A single MMO will be situated on the Ferry Terminal to monitor the appropriate injury and behavioral disturbance zones during all pile driving activities. Because the action area for vibratory driving disturbance extends for 1.9 kilometers from the Gustavus Ferry Terminal into Icy Strait/Passage, it would be difficult to monitor this area effectively with only terminal-based MMOs. Due to potentially severe and highly unpredictable weather conditions, ADOT&PF has concluded that the use of Pleasant Island-based, mainland-based, or vessel-based MMOs would be infeasible and, in many circumstances, unsafe. However, when possible, ADOT&PF will augment land-based monitoring with information from boats in Icy Strait/Passage. Specifically, the MMO will coordinate with the NPS and whale-watching charters for recent observations of marine mammals within Icy Strait/Passage. This will help inform the MMO of marine mammals in the area. NPS and whale-watching charters could also inform monitoring personnel of any marine mammals seen approaching the disturbance zone. The MMO will conduct telephone checks with NPS and whale-watching charters to monitor the locations of humpback whales and Steller sea lions, which are listed under the Endangered Species Act, within Icy Strait/Passage. Checks will begin three days before pile-driving operations to ascertain the location and movements of these listed species in relation to the disturbance zones. Once construction has begun, checks will be made in the evening after the completion of pile driving activities, in preparation of the next day's monitoring. Use of the organizations identified above to augment monitoring efforts will depend on their observation schedules and locations within the Glacier Bay region. It is expected that these organizations will only be active in May and September during the pile-driving season.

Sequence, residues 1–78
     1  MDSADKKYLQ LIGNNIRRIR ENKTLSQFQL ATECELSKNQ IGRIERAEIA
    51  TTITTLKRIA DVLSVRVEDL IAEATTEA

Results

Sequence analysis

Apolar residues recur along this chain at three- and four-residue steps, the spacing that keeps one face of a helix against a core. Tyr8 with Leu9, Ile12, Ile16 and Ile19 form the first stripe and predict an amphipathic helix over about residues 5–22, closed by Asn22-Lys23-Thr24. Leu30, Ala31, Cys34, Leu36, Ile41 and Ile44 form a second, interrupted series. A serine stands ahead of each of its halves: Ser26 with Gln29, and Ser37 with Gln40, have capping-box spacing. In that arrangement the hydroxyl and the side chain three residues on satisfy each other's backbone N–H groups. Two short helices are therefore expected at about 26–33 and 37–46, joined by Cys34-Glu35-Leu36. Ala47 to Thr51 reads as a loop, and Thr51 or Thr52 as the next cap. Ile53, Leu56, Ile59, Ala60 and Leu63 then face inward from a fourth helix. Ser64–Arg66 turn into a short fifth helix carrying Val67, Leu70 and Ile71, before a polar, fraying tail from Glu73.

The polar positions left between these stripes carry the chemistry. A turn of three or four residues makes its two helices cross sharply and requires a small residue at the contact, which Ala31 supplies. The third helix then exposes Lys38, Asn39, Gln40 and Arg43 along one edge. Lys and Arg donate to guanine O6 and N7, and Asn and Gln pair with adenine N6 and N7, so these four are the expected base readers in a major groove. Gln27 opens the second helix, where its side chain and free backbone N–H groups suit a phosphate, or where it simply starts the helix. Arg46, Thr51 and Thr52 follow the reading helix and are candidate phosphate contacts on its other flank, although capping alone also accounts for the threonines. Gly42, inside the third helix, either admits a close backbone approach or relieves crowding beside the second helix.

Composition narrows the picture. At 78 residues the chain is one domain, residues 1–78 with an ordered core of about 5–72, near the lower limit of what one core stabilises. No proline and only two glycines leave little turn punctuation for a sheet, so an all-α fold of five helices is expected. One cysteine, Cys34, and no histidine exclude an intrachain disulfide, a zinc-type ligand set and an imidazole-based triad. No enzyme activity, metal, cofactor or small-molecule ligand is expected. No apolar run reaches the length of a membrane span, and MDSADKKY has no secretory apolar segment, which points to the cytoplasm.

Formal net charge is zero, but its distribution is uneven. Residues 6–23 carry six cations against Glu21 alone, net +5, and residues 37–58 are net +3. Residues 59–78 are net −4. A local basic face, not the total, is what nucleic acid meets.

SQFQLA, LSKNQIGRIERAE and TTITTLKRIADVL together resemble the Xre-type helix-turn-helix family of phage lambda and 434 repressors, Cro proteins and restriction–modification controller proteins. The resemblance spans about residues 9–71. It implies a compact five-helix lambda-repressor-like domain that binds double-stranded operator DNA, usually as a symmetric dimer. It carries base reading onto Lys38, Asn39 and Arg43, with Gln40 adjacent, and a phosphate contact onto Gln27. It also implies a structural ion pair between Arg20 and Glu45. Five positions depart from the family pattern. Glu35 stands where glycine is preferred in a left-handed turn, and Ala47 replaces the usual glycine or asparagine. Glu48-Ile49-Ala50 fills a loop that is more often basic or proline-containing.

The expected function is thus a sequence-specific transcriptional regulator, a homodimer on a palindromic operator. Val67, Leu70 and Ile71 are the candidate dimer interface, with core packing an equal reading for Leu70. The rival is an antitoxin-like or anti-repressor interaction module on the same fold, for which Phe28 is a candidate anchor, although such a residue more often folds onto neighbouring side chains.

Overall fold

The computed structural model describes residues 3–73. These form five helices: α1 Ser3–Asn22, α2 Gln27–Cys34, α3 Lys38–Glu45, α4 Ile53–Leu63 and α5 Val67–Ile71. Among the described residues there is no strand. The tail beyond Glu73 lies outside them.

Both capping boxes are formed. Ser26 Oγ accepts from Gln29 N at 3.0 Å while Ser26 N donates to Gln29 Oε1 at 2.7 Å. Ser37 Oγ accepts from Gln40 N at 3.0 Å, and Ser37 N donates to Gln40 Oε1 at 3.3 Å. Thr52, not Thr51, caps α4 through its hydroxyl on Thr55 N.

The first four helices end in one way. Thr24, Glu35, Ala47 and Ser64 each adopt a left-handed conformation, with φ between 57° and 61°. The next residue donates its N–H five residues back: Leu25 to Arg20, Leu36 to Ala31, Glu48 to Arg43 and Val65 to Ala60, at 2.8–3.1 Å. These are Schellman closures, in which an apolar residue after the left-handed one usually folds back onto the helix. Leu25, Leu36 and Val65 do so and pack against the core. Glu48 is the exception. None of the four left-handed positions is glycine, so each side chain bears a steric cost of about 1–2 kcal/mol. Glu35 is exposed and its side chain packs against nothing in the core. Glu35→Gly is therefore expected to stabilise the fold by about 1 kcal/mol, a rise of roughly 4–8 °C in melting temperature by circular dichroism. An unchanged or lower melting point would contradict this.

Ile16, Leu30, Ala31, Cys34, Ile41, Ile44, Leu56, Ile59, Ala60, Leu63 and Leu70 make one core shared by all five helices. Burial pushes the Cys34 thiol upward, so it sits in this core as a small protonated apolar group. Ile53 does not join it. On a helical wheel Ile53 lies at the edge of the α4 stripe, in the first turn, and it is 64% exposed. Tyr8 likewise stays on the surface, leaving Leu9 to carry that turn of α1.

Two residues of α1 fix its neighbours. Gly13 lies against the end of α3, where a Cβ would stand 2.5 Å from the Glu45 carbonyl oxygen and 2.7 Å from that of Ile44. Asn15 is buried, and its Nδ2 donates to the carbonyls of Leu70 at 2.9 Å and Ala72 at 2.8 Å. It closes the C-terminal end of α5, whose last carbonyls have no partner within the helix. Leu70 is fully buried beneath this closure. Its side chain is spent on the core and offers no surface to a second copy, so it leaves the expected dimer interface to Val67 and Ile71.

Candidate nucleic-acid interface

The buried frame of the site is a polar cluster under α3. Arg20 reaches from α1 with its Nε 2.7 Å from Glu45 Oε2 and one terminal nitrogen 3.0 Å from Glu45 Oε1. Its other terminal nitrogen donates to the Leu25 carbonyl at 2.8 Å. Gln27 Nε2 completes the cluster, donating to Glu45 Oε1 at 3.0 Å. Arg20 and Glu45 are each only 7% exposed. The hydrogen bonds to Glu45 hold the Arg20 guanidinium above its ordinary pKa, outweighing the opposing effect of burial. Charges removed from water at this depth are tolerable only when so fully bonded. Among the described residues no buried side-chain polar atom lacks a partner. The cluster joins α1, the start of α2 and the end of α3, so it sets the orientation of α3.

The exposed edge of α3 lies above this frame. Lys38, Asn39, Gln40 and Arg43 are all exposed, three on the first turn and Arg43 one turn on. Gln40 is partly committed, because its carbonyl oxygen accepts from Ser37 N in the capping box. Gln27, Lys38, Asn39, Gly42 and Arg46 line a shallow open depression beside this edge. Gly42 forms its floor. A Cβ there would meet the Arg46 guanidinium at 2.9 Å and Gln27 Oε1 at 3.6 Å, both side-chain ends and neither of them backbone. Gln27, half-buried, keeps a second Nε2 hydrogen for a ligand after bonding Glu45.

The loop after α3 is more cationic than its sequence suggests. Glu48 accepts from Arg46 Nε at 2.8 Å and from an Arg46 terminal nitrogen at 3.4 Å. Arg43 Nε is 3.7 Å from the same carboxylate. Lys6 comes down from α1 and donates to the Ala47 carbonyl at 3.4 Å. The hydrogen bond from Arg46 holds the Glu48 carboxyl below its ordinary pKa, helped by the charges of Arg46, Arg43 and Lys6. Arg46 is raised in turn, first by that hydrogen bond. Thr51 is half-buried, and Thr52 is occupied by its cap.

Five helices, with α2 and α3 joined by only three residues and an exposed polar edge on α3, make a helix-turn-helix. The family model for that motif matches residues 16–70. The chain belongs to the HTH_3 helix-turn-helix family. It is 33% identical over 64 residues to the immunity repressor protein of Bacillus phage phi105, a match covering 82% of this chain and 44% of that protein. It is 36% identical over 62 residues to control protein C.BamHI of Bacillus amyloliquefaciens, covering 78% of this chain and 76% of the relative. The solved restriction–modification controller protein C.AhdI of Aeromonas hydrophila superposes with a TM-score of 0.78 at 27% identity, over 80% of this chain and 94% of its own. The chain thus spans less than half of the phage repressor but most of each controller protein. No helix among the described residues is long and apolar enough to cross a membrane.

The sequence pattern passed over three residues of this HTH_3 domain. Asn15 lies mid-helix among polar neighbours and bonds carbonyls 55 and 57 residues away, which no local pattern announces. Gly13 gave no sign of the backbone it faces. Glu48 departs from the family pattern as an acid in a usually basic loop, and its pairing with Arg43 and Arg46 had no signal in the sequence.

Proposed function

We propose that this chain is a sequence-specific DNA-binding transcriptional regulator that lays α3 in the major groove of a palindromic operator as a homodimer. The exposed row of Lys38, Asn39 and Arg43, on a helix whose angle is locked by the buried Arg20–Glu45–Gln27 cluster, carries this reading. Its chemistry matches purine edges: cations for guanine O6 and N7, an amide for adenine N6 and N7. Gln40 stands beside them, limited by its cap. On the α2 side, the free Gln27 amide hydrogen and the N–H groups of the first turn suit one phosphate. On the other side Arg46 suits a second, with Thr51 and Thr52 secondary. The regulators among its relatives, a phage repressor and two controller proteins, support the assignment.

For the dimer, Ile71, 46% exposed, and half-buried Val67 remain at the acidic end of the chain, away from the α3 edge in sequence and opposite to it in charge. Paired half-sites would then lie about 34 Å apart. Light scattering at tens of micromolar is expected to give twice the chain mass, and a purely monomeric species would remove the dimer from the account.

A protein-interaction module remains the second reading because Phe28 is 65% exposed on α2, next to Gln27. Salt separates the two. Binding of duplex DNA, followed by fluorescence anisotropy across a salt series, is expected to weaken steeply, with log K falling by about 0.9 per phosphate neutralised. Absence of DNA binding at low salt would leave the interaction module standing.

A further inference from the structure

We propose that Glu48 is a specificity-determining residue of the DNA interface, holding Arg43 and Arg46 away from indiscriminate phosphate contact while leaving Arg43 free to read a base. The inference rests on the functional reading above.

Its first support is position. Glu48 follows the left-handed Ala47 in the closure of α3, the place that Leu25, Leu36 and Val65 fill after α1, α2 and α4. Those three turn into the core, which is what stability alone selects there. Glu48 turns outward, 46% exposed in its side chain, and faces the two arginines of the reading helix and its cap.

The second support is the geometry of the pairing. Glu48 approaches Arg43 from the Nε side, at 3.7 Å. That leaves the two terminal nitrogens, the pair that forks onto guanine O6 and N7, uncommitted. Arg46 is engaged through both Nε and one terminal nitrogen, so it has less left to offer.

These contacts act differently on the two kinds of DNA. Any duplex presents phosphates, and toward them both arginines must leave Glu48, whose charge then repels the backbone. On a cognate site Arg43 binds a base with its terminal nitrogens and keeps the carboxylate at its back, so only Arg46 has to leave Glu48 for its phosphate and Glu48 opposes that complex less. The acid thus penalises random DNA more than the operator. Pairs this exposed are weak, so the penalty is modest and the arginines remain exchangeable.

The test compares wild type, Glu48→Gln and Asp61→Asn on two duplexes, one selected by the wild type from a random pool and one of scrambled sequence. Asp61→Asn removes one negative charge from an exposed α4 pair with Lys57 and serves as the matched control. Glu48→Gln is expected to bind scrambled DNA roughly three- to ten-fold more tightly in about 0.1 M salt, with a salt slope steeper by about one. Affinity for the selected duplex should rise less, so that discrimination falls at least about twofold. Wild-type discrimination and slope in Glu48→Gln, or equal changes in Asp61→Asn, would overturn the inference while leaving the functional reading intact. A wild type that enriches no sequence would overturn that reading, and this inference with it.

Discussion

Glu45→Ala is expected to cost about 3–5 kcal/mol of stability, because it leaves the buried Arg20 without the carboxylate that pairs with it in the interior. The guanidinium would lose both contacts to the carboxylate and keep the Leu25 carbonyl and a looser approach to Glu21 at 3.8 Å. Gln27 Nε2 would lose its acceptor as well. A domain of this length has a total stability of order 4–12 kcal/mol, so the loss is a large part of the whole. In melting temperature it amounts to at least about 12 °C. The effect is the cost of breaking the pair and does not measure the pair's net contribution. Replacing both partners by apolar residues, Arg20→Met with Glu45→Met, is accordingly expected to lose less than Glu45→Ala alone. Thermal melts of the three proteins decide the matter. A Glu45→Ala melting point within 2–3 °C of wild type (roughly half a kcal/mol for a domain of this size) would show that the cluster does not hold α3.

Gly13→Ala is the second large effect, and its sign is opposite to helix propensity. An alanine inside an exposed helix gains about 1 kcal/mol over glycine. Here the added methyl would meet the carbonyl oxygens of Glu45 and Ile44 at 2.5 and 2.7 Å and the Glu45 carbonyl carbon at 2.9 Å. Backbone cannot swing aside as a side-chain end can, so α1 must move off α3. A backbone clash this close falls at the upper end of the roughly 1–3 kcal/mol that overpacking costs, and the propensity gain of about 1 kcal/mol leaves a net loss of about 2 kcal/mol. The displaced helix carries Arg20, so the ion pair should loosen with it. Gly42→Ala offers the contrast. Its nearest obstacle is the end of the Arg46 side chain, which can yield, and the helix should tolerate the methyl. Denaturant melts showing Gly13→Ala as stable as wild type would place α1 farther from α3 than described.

The following additional measures apply to visual monitoring:
- Monitoring will begin 30 minutes prior to pile driving. This will ensure that all marine mammals in the monitoring zone are documented and that no marine mammals are present in the injury zone;
- If a marine mammal comes within or approaches the shutdown zone, such operations shall cease. Pile driving will only commence once observers have declared the shutdown zone clear of marine mammals. Their behavior will be monitored and documented. The shutdown zone may only be declared clear, and pile driving started, when the entire shutdown zone is visible (i.e., when not obscured by dark, rain, fog, etc.);
- When a marine mammal is observed, its location will be determined using a rangefinder to verify distance and a GPS or compass to verify heading;
- If any cetaceans or pinnipeds are observed approaching injury zones, impact pile-driving activities will be immediately halted. The MMO will immediately radio to alert the contractor and raise a red flag, requiring an immediate “all-stop.” Impact pile-driving activities will resume when the animal is no longer proximal to the injury zone or 30 minutes have passed without re-sighting the animal near the zone. The observer will continue to monitor the animal until it has left the larger disturbance zones;
- The MMOs will record any cetacean or pinniped present in the disturbance zone;